Molitor and Johnson would notch one more win together before facing Ndlovu in the trilogy fight in South Africa. If there is one opponent that knows Molitor best, it’s the “Panther,” who shared the ring with the Canadian for more than 30 rounds. “I have nothing bad to say about Steve,” says Ndlovu. “He was a great fighter and he fought good guys during his career. In boxing, that’s one thing people forget. To be the best in this game, you need to fight the other top guys in your division.”
In the third fight against Ndlovu, Molitor failed to display any of his dynamic offense, and his meager punch output led to him losing a unanimous decision. It was after that loss that Johnson decided to end his professional relationship with Molitor so that he could focus on his successful amateur teams.
Looking back, what does Johnson remember most fondly of his time with his first and only world champion? “The hard training, the hours we did over and over again. It was a beautiful thing. It’s something that I will never forget,” remembers Johnson. “Having a world champion and winning the title not once but twice with him. What stands out most about Steve is his work ethic and commitment to the sport. I have never seen anybody work as hard as Steve yet.”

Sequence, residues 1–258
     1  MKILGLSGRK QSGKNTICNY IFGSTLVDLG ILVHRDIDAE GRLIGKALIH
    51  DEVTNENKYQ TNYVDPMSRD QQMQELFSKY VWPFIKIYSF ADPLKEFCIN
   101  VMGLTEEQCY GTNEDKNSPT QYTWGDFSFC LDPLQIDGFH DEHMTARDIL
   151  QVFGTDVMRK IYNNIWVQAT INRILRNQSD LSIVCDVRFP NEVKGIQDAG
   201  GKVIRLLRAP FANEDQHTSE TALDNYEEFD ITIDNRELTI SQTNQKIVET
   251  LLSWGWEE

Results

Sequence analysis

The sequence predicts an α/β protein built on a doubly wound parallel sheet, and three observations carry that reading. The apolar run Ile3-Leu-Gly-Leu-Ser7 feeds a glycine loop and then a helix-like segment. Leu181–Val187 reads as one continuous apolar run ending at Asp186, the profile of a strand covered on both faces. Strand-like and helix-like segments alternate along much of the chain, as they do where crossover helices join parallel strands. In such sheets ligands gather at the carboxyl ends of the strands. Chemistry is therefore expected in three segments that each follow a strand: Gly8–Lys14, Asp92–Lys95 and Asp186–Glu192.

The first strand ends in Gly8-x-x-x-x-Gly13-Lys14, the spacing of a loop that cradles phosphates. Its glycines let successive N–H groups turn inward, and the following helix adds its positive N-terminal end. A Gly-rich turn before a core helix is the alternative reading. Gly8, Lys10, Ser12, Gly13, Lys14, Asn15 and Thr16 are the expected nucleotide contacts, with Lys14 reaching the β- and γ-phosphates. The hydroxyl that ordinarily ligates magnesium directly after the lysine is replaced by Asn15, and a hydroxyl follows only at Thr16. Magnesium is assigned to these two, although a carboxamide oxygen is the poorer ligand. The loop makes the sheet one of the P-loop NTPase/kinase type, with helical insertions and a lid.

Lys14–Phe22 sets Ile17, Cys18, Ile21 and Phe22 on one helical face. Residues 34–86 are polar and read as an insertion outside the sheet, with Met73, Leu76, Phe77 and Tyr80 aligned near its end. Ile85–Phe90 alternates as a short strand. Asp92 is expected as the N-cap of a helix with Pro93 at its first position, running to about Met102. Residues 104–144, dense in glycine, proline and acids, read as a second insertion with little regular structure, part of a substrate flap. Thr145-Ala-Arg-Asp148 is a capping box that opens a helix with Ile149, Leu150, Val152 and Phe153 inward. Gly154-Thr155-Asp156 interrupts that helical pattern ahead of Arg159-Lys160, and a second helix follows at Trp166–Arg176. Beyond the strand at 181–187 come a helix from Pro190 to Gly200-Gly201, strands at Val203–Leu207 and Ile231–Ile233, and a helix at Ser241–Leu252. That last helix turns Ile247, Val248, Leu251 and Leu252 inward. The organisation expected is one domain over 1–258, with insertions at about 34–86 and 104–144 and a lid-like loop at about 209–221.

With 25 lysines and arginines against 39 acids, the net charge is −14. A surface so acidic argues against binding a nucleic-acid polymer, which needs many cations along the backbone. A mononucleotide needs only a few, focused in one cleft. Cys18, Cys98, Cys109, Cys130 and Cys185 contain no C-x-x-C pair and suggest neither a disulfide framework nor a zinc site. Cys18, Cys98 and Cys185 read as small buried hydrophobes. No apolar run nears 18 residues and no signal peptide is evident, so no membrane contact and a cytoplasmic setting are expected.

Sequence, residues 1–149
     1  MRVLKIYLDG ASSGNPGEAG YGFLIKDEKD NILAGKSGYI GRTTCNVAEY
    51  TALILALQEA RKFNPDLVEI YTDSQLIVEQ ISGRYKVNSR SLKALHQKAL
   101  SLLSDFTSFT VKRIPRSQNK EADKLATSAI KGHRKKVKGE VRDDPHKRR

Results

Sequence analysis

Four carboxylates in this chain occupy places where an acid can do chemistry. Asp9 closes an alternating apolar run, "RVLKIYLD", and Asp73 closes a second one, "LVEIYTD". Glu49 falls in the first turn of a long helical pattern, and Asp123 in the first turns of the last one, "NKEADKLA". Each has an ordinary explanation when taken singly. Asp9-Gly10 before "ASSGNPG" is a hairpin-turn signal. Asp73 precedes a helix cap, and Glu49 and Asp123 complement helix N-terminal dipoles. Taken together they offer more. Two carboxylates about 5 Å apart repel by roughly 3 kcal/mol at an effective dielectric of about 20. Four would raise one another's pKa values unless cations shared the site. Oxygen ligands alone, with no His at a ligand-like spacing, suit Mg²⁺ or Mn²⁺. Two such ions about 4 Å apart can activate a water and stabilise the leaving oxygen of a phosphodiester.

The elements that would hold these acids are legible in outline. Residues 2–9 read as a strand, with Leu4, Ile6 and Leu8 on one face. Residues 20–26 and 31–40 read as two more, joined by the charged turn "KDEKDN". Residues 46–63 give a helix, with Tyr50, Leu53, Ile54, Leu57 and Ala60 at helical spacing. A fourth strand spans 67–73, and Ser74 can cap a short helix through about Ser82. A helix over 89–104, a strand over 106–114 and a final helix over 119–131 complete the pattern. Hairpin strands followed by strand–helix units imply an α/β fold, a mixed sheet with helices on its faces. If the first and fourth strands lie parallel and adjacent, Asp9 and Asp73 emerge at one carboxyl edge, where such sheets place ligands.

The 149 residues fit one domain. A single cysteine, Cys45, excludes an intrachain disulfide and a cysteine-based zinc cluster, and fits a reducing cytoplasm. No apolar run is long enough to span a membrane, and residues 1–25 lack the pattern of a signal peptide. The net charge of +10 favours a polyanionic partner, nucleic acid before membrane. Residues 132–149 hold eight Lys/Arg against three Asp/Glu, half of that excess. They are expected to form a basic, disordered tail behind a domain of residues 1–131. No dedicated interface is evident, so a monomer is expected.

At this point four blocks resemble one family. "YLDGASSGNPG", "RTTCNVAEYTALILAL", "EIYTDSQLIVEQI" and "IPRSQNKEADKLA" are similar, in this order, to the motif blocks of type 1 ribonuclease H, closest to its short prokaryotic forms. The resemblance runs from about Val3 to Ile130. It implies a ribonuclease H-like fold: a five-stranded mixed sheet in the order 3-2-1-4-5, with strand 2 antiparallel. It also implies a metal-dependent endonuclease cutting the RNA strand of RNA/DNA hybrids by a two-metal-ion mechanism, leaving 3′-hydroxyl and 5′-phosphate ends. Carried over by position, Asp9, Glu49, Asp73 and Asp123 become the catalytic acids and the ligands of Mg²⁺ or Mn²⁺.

“I like the man that he’s becoming,” adds Johnson. “He loves his kids. I always used to tell him, ‘Steve, when you have your kids, that’s when you’re going to realize what a champion is, what a real man is. And years later, he would message me that I was right. He’s maturing, he’s growing up, he’s a man now. I am just happy with the journey he is on.”
Molitor is proud of what he accomplished and he aims to instill his work ethic in his children, who are his pride and joy.
“That’s my biggest piece of advice. If you’re going to do something, give it 210%, don’t half-ass anything. And do what makes you happy, not what other people tell you to do. Because trust me, a lot of people told me not to be a pro boxer, a 122-pound skinny white boy living in a gym thinking he’s going to become a world champion. No one said that was a good idea, not even my parents. But I stuck with it because I am not like everybody else.”